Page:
Skip to main content

Sotheby's (London) and the Returns to Italy

Common threads are beginning to emerge from a study of the recent returns to Italy. It is possible to start building up a picture, even though some of the institutions (and the single private collector) have yet to issue detailed information (see earlier comments).

At least seven of the pieces appear to have "surfaced" at a Sotheby's auction in London. These were clearly purchased in "good faith".
  1. New York, MMA 1985.11.5. Attic red-figured amphora, attributed to the Berlin painter. S (L) 1982 December 13-14, lot 220.
  2. Boston, MFA 1998.588. Lucanian nestoris. S (L) 1982 December 13-14, lot 298.
  3. Boston, MFA 1988.431. Apulian loutrophoros, attributed to the White Sakkos painter. S (L) 1984 December 10, lot 366.
  4. New York, Jerome Eisenberg. 1992. Attic black-figured neck-amphora, attributed to the Leagros gorup. S (L) 1985 July 17-18, lot 257 (it then passed through Galerie Günter Puhze in Freiburg; reported to have been acquired by Royal-Athena Galleries in 1992).
  5. New York, Shelby White. Attic black-figured neck-amphora of Panathenaic shape, attributed to the painter of Louvre F 6. Glories no. 104; S (L) 1985 July 17, lot 313.
  6. New York, Jerome Eisenberg. 1991. Attic red-figured column-krater, attributed to the Geras painter. S (L) 1987 December 14, lot 295.
  7. Boston, MFA 1999.735. Attic red-figured bell-krater, attributed to the painter of the Louvre Centauromachy. S (L) 1995 December 14, lot 95.
Who consigned the pieces?

Peter Watson's study, Sotheby's, the inside story (London: Bloomsbury, 1997), pp. 117, 120, commented on two of these specific sales:
  • July 1985: '104 unprovenanced antiquities' consigned by Christian Boursaud of Geneva (PO Box 41, 57 Avenue Bois de la Chapelle, 1213 Onex, Geneva)
  • December 1987: '360 lots, 101 were sent in by Editions Service' (of Geneva)

Image
Apulian loutrophoros, attributed to the White Sakkos painter. © MiBAC.

Comments

Popular posts from this blog

Marble bull's head from the temple of Eshmun

Excavations at the temple of Eshmun in Lebanon recovered a marble bull's head. It is now suggested that it was this head, apparently first published in 1967, that was placed on loan to New York's Metropolitan Museum of Art (Tom Mashberg, "Met Museum Turns Over Another Relic With Disputed Past to Prosecutors", New York Times August 1, 2017 ). The head is reported to have been handed over to the Manhattan district attorney after a request was received from the Lebanese authorities.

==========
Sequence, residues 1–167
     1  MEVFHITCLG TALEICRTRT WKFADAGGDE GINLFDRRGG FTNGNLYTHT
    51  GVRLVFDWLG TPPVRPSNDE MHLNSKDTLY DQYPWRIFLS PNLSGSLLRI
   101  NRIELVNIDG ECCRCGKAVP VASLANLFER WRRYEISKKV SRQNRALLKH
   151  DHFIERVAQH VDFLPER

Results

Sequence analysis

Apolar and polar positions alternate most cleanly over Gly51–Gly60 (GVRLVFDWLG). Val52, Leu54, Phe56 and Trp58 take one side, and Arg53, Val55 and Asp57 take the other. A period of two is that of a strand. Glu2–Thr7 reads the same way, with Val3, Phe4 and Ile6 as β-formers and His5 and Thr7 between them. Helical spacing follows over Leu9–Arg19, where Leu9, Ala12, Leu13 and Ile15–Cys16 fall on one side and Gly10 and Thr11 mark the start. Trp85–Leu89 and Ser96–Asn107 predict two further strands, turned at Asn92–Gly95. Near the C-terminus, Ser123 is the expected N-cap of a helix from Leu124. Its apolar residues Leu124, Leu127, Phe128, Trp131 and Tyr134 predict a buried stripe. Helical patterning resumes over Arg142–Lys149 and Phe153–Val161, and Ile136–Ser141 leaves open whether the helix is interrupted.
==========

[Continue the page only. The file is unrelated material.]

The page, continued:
It is suggested that the head may have been looted from an archaeological storage area at Byblos in the 1980s during the Lebanese civil war. Mashberg has rehearsed the recent collecting history:
The owners of the bull’s head, Lynda and William Beierwaltes of Colorado, say they have clear title to the item and have sued Manhattan prosecutors for its return.  The Beierwaltes bought the head from a dealer in London in 1996 for more than $1 million and then sold it to another collector, Michael …

Sardinian warrior from "old Swiss collection"

One of the Sardinian bronzes of a warrior was seized from an as yet unnamed Manahattan gallery. It appears to be the one that passed through the Royal-Athena Gallery: Art of the Ancient World 23 (2012) no. 71. The collecting history for that warrior suggests that it was acquired in 1990 from a private collection in Geneva.

Other clues suggested that the warrior has resided in a New York private collection.

The identity of the private collection in Geneva will no doubt be telling.

The warrior also features in this news story: Jennifer Peltz, "Looted statues, pottery returned to Italy after probe in NYC", ABC News May 25 2017.

Mithras relief from Tor Cervara

A fragmentary relief of Mithras was discovered in 1964 at Tor Cervara on the outskirts of Rome. It was acquired by the Museo Nazionale Romano.

A further fragment of the relief was acquired by the Badisches Landesmueum in Kalrsruhe in 1976. The source was an unstated Swiss dealer. This fragment has been reunited with the rest of the relief [press release].

Today a further fragment of the relief was reunited with the other pieces. This had been recovered during a raid in Sardinia.